My gut feeling is there will be a fine for the bad accounting explanation and a requirement to resubmit the P&S filings with straight-line amortisation applied.  Any failing there will obviously result in the specified points deductions. If we do fail, there's a discussion to be had about us not having the opportunity to address the failing at the time (i.e. if we knew we were going to fail we could have sold a player or something, but we can't do that retrospectively).  Obviously we will argue that any deductions should be reduced because we couldn't mitigate them at the time. And the EFL will want them bumped up because reasons.  We can only hope the the IDC are swayed to be lenient because they also believe what we were doing was allowed.
  22. Like
    duncanjwitham got a reaction from r_wilcockson in EFL appeal   
    Or possibly they figured we’d fail anyway because of the stadium thing, and never actually checked the case where we win the first charge and lose (part of) the second?
  23. Clap
    duncanjwitham got a reaction from Indy in EFL appeal   
    Or possibly they figured we’d fail anyway because of the stadium thing, and never actually checked the case where we win the first charge and lose (part of) the second?
  24. Like
    duncanjwitham got a reaction from Kathcairns in Derby County Admin / Liquidation   
    It wouldn't surprise me if we'd done some kind of gardening-leave type thing, so instead of paying him a lump sum in compensation, we're still paying some fraction of his wages until he gets another job.  So maybe if he doesn't get another job for the next 4 years, we might in theory end up paying him £8m, which fits with Morris quote's about it being a worst case scenario.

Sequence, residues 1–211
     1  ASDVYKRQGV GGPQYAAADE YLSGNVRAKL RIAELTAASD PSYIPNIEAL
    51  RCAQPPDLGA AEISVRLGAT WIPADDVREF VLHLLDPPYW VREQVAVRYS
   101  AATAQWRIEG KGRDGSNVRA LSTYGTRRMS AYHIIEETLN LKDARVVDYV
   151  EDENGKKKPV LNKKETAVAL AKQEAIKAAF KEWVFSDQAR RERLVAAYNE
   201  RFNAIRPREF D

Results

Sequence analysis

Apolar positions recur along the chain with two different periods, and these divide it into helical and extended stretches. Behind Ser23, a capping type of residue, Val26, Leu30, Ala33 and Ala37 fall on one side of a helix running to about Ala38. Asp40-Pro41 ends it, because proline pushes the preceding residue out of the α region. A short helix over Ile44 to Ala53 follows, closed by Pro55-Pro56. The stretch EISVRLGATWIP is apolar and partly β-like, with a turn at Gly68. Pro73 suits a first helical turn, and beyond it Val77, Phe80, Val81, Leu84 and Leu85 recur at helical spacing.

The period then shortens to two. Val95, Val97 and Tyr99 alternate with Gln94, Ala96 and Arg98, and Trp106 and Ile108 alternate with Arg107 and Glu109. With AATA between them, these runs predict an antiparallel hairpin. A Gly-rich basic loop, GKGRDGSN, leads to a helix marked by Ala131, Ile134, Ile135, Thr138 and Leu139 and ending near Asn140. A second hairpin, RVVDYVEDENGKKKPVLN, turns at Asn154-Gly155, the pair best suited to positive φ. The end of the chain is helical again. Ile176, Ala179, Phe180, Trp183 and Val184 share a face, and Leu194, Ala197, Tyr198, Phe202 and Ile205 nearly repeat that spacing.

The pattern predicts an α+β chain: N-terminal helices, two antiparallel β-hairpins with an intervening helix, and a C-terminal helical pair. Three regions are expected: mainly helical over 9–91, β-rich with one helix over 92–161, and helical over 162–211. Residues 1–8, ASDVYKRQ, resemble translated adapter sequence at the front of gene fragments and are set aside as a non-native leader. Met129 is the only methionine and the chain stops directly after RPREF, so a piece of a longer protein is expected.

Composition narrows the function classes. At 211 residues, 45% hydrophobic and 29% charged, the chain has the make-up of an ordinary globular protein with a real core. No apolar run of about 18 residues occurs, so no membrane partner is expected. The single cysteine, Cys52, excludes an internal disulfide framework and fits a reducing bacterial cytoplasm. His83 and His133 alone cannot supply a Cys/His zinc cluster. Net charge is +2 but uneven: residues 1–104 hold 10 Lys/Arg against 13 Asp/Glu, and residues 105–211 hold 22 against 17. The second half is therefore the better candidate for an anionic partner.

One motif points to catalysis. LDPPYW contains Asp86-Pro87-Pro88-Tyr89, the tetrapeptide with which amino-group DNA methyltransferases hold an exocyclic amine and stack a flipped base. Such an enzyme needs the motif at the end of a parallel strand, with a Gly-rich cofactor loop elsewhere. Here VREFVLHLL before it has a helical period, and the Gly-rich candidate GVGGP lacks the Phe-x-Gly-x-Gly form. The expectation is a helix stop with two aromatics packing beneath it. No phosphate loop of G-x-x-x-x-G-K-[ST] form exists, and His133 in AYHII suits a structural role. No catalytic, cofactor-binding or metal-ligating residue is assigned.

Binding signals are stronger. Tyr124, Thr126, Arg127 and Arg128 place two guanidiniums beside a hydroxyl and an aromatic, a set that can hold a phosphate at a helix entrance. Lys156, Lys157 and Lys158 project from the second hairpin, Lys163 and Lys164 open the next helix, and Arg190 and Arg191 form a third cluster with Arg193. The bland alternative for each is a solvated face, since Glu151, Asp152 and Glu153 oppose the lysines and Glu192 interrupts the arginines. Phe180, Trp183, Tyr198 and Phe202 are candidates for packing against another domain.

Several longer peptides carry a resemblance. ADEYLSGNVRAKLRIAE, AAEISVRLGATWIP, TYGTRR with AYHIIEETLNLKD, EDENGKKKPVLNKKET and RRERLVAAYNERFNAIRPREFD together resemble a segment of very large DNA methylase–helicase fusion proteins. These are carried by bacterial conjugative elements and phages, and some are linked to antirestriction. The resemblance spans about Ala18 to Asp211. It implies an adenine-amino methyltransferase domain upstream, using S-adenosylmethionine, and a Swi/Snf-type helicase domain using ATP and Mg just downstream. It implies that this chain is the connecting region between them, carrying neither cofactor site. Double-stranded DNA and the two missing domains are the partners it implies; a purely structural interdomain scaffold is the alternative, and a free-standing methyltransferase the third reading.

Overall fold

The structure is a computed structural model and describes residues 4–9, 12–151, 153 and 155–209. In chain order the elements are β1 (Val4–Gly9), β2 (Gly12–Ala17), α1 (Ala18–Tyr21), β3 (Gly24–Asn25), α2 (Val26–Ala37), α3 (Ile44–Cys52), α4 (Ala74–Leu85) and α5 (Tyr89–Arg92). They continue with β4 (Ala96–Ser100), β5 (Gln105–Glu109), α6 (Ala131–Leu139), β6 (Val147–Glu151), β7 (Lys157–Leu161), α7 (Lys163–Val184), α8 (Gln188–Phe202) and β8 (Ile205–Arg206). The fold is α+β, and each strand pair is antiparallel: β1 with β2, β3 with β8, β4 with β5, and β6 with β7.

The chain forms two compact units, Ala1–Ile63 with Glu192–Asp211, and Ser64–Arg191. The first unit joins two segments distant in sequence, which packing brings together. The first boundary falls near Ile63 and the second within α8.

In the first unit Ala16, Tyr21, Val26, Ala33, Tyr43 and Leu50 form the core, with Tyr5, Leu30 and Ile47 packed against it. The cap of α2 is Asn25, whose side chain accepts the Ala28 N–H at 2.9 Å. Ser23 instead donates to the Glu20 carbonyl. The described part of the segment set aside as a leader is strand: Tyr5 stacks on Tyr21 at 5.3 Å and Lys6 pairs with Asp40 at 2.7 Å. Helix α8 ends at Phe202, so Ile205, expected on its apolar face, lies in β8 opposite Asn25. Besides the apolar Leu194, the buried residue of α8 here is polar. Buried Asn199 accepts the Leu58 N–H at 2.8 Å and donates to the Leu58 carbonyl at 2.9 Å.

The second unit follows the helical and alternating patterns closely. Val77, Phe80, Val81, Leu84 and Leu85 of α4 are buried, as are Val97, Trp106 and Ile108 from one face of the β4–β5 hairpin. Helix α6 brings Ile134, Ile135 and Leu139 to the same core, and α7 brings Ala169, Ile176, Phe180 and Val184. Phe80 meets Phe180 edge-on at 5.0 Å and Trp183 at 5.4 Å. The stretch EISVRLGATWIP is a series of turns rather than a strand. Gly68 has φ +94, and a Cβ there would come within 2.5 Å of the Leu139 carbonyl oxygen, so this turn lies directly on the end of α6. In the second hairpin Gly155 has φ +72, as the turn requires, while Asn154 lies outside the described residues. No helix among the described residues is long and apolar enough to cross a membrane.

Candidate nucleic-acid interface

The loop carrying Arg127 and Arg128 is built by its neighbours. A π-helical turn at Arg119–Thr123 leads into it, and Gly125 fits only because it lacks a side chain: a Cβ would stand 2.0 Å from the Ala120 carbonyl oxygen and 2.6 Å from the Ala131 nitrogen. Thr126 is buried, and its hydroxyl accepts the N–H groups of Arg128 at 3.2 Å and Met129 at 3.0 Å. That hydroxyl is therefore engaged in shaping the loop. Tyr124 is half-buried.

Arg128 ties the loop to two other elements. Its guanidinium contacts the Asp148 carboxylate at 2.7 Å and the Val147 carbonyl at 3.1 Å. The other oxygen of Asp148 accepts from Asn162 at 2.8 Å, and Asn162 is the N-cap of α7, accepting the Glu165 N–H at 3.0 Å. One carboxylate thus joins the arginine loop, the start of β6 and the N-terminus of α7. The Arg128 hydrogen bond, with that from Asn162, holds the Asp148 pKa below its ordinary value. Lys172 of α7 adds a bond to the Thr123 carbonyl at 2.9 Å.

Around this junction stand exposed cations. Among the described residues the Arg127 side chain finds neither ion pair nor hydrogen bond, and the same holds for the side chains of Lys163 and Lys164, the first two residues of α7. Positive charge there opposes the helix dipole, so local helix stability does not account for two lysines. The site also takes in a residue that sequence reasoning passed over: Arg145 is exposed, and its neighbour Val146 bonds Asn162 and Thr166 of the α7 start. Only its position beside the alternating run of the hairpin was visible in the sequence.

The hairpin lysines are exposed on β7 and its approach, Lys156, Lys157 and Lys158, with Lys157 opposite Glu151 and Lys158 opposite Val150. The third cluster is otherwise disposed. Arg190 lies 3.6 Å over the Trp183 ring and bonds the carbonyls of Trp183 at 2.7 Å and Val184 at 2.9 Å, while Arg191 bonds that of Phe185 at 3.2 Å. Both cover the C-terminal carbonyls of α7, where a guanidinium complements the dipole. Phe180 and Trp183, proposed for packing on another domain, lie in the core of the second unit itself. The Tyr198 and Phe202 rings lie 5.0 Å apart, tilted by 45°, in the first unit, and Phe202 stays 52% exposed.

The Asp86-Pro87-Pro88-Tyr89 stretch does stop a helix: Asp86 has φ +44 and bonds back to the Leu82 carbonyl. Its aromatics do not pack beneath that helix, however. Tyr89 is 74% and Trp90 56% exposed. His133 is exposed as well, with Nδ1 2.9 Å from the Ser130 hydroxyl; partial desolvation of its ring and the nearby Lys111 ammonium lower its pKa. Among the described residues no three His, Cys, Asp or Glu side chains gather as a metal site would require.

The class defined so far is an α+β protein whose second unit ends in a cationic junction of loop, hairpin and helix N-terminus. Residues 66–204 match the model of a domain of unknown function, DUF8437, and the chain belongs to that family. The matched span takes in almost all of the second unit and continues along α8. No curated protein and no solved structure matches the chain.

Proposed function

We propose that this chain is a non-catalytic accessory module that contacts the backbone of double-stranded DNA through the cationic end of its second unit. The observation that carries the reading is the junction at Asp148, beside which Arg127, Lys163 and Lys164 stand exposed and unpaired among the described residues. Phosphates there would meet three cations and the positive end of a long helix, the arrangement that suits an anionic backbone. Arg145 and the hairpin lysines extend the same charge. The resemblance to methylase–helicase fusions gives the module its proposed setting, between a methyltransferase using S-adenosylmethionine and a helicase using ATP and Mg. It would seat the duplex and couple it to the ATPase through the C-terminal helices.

Likewise, the £20m HMRC bill is presumably deferred PAYE/NIC etc, so it will have to be paid, but they're not going to be demanding it all tomorrow. Many clubs, and many other businesses in general, will have used this scheme, and if HMRC start demanding massive payments upfront, they're just going to cause mass bankruptcies, so they will probably take a sensible approach.
    The Dell loan also presumably has a payment schedule attached. They won't be demanding £15m tomorrow.
    The entire article seems to be taking the worst case scenarios, and the total payable over many years, and assuming we owe it all tomorrow.
  25. Like
    duncanjwitham got a reaction from LeedsCityRam in Derby County Admin / Liquidation   
    It wouldn't surprise me if we'd done some kind of gardening-leave type thing, so instead of paying him a lump sum in compensation, we're still paying some fraction of his wages until he gets another job.  So maybe if he doesn't get another job for the next 4 years, we might in theory end up paying him £8m, which fits with Morris quote's about it being a worst case scenario.
    Likewise, the £20m HMRC bill is presumably deferred PAYE/NIC etc, so it will have to be paid, but they're not going to be demanding it all tomorrow. Many clubs, and many other businesses in general, will have used this scheme, and if HMRC start demanding massive payments upfront, they're just going to cause mass bankruptcies, so they will probably take a sensible approach.
    The Dell loan also presumably has a payment schedule attached. They won't be demanding £15m tomorrow.
    The entire article seems to be taking the worst case scenarios, and the total payable over many years, and assuming we owe it all tomorrow.